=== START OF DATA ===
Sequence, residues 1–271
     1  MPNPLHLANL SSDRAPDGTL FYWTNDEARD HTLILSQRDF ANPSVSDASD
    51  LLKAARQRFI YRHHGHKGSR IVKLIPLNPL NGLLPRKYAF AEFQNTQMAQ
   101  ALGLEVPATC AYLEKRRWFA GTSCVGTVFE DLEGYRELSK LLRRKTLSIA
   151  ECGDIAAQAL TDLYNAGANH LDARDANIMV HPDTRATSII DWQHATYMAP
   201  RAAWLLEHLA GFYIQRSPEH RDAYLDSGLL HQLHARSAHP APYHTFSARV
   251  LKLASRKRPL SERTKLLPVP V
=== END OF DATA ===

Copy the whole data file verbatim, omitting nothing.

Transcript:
Sequence, residues 1–271
     1  MPNPLHLANL SSDRAPDGTL FYWTNDEARD HTLILSQRDF ANPSVSDASD
    51  LLKAARQRFI YRHHGHKGSR IVKLIPLNPL NGLLPRKYAF AEFQNTQMAQ
   101  ALGLEVPATC AYLEKRRWFA GTSCVGTVFE DLEGYRELSK LLRRKTLSIA
   151  ECGDIAAQAL TDLYNAGANH LDARDANIMV HPDTRATSII DWQHATYMAP
   201  RAAWLLEHLA GFYIQRSPEH RDAYLDSGLL HQLHARSAHP APYHTFSARV
   251  LKLASRKRPL SERTKLLPVP V